News & Events
SilenceIsViolence partners with many community businesses and organizations to bring uplifting and thereputic events to our community.
June 5th Weekly Update!
Tue, Jun. 05, 2007
We have two events this week to tell you about. One is the
culmination of the first semester of our Program for Peace in our
Schools. This Wednesday, June 6, we will host SPEAK UP: A Showcase of
Words, Music, Art, and Actions, from 4 to 7pm at Sound Cafe (2700
Chartres St.). Students from Douglass and Rabouin High Schools will
present creative works, utilizing aesthetic expression to address,
both directly and indirectly, their own reactions, responses, and
alternatives to violence. The event is free and will serve as the
first in a series of SPEAK UP events designed to spotlight non-violent
and anti-violence aesthetic expression among the youth of New Orleans.
SPEAK UP: A Showcase of Words, Music, Art, and Action
Featuring works by the students of Rabouin and Douglass High Schools
Wednesday, June 6
Sound Cafe (2700 Chartres St. at Port)
No cover; donations to Program for Peace in our Schools accepted
In addition, on Thursday, June 7, we will hold our next
SilenceIsViolence City Walk. Starting back at the New Hope Baptist
Church, where Pastor John Raphael was our exceedingly gracious host
last week, we will walk through Central City, across St. Charles
Avenue, and into the Lower Garden District. The complete route
follows and, as always, is available on our website,
START: New Hope Baptist Church, 1807 LaSalle St., 7pm sharp! From in
front of the church, walk up Felicity St. to Simon Bolivar. Turn
RIGHT onto Simon Bolivar, LEFT onto St. Andrew St., RIGHT onto S.
Saratoga, and LEFT onto Josephine St. Follow Josephine to Magazine
St.; turn LEFT to Sophie's Ice Cream Parlor, 1912 Magazine St.
Sophie, the proprietor, has arranged a banjo player to entertain us
over our sweet rewards, and SilenceIsViolence will sponsor FREE ice
cream cones for kids under 12! As always, transportation will be
provided back to the starting point between 8 and 9pm.
As many of you know, yesterday the FBI released crime statistics for
2006 and the news was not good: New Orleans topped the list of most
murderous cities. And violent crime is on the rise nationwide. This
is particularly true in large cities, which have seen an increase of
6.7% in the murder rate compared to 2005. Looking at the stats by
region, only the Northeast was spared and the greatest increases were
seen in the west. But these statistics should not be used as comfort
or excuse. We need to continue our work within our own communities in
order to turn it around.
When we formed SilenceIsViolence in January, our goal was to focus the
attention of our city leadership onto the critical problem of violent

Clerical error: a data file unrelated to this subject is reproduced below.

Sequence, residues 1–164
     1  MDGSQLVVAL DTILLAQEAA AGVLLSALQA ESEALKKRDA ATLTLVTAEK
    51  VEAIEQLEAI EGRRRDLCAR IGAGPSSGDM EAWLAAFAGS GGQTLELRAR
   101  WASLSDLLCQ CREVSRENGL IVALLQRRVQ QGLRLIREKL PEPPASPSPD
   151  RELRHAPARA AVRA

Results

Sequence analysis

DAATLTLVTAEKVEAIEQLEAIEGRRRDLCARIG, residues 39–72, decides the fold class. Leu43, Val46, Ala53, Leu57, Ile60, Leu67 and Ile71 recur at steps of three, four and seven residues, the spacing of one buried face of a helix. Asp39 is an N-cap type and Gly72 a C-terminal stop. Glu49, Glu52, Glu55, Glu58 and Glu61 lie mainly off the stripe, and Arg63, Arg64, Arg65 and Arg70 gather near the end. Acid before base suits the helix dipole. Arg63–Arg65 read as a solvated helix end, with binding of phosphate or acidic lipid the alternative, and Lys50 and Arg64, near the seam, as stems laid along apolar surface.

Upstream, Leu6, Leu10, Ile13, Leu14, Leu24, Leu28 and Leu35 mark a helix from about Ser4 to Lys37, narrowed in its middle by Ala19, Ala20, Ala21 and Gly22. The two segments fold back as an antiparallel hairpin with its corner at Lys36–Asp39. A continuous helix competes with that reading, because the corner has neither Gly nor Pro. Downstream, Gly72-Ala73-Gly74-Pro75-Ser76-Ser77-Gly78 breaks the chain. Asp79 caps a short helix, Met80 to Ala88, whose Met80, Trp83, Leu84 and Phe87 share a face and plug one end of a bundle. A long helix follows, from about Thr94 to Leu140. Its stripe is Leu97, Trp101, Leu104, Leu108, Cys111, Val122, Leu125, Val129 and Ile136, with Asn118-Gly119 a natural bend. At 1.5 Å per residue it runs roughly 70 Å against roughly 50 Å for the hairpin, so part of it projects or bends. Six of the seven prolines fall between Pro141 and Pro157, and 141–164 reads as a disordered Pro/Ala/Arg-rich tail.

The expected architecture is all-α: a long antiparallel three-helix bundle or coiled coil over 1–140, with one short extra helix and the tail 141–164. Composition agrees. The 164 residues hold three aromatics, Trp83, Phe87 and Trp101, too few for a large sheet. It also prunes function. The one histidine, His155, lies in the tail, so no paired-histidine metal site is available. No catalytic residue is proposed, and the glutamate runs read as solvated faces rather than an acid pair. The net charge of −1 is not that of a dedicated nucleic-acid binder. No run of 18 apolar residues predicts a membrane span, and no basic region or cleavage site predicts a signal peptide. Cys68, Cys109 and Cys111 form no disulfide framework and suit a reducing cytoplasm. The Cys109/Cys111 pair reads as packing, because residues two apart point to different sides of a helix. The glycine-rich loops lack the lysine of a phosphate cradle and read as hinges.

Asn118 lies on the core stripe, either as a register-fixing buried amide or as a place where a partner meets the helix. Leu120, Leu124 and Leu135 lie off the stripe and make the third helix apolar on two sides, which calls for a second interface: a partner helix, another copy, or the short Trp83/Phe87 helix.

crime in New Orleans. On January 11, by means of the March For
Survival, we walked straight to the door of our elected leaders and
demanded that they turn their ears upon our voices and their eyes upon
our anguish and their resources upon solving the problem of violent
crime in New Orleans. The response from most of our leaders has been
decisive and sustained, and we take pride in the small but significant
decrease in local violent crime that began to take hold in late
January, 2007. Yet we also quickly recognized the importance of
citizen outreach, citizen intervention, and a gradual but insistent
citizen-led shift in the psychology on our streets. We must, within
our communities and sometimes within our homes, replace of a culture
of suspicion, intimidation, and violence with one of respect,
education, and long-term prevention. This is why we designed the
SilenceIsViolence City Walks, which draw together neighbors and
neighborhoods and reaffirm our common determination to render New
Orleans safer and more liveable. It is why we designed the Program
for Peace in our Schools, which invites the school-age children who
exist in the midst of the most excruciating and debilitating local
violence to join our citizen coalition in pursuing alternatives.
We invite you to join us through support of both of these programs.
Without letting up an ounce of pressure on our leadership or a decibel
in our demands that they do their jobs in protecting us, we must do
our own part to shape a more civil and secure city. The SPEAK UP
showcase taking place this Wednesday marks the culmination of our
current Program for Peace session, but during the 2007-2008 academic
year we will conduct committed, year-long programs in six New Orleans
Recovery District high school and two middle schools. If you cannot
attend the event this Wednesday, please comtribute funds toward next
year's sessions through our website, www.silenceisviolence.org (a
Paypal donation button is at the bottom of the home page). And please
join us on Thursday, whether for the entire walk from Central City to
the Lower Garden District or for ice cream at Sophie's at the end of
the route. If we are to continue holding our leaders accountable, we
must also demonstrate that we are doing our part as citizens, delving
into the streets and the schools and turning our neighborhoods around
from the ground up.
Be safe, send your thoughts, and work for
Ken and Baty